Tunisian business community can claim a Ben Ali connection
through marriage, and many of these relations are reported to
have made the most of their lineage. Ben Ali's wife, Leila
Ben Ali, and her extended family -- the Trabelsis -- provoke
the greatest ire from Tunisians. Along with the numerous
allegations of Trabelsi corruption are often barbs about
their lack of education, low social status, and conspicuous
consumption. While some of the complaints about the Trabelsi
clan seem to emanate from a disdain for their nouveau riche
inclinations, Tunisians also argue that the Trabelsis strong
arm tactics and flagrant abuse of the system make them easy
to hate. Leila's brother Belhassen Trabelsi is the most
notorious family member and is rumored to have been involved
in a wide-range of corrupt schemes from the recent Banque de
Tunisie board shakeup (Ref B) to property expropriation and
extortion of bribes. Leaving the question of their
progenitor aside, Belhassen Trabelsi's holdings are extensive
and include an airline, several hotels, one of Tunisia's two
private radio stations, car assembly plants, Ford
distribution, a real estate development company, and the list
goes on. (See Ref K for a more extensive list of his
holdings.) Yet, Belhassen is only one of Leila's ten known
siblings, each with their own children. Among this large
extended family, Leila's brother Moncef and nephew Imed are
also particularly important economic actors.
- One of the first videos depicting protesters in Sidi Bou Zid on December 17, 2010:
Police in a provincial city in Tunisia used tear gas late on Saturday to
disperse hundreds of youths who smashed shop windows and damaged cars,
witnesses told Reuters....
They were angered by an incident where a young man, Mohamed Bouazizi,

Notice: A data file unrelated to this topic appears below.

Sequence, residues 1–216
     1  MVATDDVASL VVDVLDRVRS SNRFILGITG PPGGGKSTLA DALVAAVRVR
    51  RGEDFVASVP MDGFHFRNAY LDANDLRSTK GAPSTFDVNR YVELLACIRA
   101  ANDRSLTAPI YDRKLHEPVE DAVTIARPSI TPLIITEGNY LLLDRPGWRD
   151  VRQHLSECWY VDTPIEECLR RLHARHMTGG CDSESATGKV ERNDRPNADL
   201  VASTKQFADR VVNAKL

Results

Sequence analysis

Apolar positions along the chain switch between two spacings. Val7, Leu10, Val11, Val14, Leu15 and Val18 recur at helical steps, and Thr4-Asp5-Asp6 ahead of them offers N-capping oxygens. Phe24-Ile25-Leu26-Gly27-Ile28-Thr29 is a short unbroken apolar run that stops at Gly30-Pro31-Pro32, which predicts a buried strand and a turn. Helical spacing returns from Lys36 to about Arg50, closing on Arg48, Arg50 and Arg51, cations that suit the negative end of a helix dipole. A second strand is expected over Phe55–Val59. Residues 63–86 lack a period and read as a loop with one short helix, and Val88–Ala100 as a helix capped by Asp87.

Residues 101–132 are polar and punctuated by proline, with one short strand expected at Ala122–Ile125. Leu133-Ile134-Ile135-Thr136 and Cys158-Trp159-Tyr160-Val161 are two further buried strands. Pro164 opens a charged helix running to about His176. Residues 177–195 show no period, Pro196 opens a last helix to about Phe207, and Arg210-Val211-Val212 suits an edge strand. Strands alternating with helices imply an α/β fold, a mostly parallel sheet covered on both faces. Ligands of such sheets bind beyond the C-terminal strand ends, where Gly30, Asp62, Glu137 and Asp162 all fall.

had set fire to himself in protest after police confiscated the fruit
and vegetables he was selling from a street stall, the witnesses said....
Another witness, a relative of the man who set fire to himself, said
outbreaks of rioting had continued into Sunday.
"People are angry at the case of Mohamed and the deterioration of
unemployment in the region," said Mahdi Said Horchani.
Footage posted on the Facebook social network site showed several
hundred protesters outside the regional government headquarters, with
lines of police blocking them from getting closer to the building. It
did not show any violence.
- Tunisian online activists create a Facebook page, "Mr. President, Tunisians are setting themselves on fire."
- Protesters in Sidi Bou Zid, some appearing to be affected by tear gas. A body of a man is seen in the street; the crowd breaks out into singing the Tunisian national anthem, Humat Al Hima (Defenders Of The Homeland):
- Video of a lawyer and others protesting against the government. Some translated quotes:
"Watch, the oppression is visible!!"
"Down with the Doustour party!"
"Down with the torturer of the people!"
"See - the terrorism (of the police) is visible!"
"Working is a right!"
- Three videos of riot police trying to quell a protest of lawyers in Tunis, December 31, 2010: